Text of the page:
[AUTOGRAPH LETTER, SIGNED, FROM PHILADELPHIA PUBLISHER MATHEW CAREY TO WASHINGTON, D.C. EDITOR AND ATTORNEY PHILIP R. FENDALL, JR., REGARDING FINANCIAL ACCOUNTS, AND CAREY'S VIEWS ON THE STATE OF THE NATION].

Philadelphia. October 3, 1829. [2]pp. on a folded folio sheet, third page blank, fourth page with manuscript address and docketing. Old fold lines. Near fine. Item #WRCAM36919

A pessimistic and despairing letter from the famed Philadelphia publisher and editor, Mathew Carey. The letter is written to Philip R. Fendall, Jr., a Washington, D.C. attorney who at the time was serving as editor of the NATIONAL JOURNAL, and would-be the district attorney of Washington, D.C. in the 1840s. Carey begins the letter by chastising Fendall for not writing to him, noting that he has sent Fendall two letters without a response. The first letter concerned the state of financial accounts between the two men. Carey writes: "In my second letter I gave you a full account of my views of the present state of things & the gloomy prospects of the country...We are a degenerate people, & unworthy of the splendid (though far from faultless) form of government bequeathed to us, which we shall not long enjoy."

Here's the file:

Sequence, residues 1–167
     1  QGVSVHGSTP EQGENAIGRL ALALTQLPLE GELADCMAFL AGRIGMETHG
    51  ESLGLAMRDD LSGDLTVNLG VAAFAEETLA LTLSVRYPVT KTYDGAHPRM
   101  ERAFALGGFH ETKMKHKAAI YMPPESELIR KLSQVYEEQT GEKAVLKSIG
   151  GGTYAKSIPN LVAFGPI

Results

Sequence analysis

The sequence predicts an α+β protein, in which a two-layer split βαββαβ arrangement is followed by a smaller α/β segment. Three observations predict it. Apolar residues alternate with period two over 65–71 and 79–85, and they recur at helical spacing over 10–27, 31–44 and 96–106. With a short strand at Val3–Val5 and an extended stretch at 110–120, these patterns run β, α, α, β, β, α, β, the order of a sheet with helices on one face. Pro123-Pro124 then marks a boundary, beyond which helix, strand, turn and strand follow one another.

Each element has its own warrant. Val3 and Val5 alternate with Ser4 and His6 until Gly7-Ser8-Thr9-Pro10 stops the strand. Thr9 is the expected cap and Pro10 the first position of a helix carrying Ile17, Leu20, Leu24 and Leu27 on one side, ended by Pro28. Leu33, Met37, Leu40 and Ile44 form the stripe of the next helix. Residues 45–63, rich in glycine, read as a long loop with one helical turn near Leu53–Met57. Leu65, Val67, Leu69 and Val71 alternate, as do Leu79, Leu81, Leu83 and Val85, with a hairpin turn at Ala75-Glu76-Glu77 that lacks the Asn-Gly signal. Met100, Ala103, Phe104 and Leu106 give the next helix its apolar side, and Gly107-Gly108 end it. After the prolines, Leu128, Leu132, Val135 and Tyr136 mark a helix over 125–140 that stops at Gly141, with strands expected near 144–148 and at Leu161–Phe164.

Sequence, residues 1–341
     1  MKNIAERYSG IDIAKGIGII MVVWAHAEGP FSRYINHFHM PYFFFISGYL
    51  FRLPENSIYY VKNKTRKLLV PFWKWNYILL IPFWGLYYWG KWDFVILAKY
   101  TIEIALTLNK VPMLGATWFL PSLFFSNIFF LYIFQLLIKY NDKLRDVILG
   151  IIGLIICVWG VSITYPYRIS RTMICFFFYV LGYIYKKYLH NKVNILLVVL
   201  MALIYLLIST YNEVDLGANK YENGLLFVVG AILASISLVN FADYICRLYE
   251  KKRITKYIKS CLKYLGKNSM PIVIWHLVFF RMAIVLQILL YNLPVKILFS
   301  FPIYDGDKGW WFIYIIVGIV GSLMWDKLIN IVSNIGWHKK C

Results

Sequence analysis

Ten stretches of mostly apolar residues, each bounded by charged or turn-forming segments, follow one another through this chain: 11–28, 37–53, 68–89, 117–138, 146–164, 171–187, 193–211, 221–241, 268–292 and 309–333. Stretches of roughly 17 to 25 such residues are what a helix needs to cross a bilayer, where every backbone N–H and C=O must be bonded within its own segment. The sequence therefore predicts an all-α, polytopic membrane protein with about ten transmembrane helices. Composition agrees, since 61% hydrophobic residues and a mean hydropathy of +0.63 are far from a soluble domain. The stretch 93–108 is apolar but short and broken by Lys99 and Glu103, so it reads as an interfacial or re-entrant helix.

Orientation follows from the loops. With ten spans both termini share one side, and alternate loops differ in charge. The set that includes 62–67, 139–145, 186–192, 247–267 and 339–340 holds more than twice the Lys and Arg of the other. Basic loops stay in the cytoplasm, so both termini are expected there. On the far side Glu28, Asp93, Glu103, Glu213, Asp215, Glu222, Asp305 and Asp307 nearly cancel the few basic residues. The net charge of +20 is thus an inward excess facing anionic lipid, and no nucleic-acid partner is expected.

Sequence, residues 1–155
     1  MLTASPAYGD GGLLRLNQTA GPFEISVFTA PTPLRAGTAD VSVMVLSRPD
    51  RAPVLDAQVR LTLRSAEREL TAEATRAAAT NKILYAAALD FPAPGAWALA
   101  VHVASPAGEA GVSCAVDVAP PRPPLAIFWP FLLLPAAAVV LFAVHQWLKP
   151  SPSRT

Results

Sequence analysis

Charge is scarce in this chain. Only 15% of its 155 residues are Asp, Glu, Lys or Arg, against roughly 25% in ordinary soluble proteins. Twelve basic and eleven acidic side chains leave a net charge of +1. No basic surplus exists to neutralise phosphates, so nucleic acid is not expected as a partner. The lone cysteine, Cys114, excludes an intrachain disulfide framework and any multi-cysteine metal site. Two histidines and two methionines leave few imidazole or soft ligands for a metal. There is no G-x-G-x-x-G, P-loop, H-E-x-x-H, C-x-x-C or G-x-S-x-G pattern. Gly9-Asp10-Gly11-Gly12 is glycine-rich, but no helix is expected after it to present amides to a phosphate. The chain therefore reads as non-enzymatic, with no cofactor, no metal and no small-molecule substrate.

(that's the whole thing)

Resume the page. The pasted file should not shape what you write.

Price: $750.00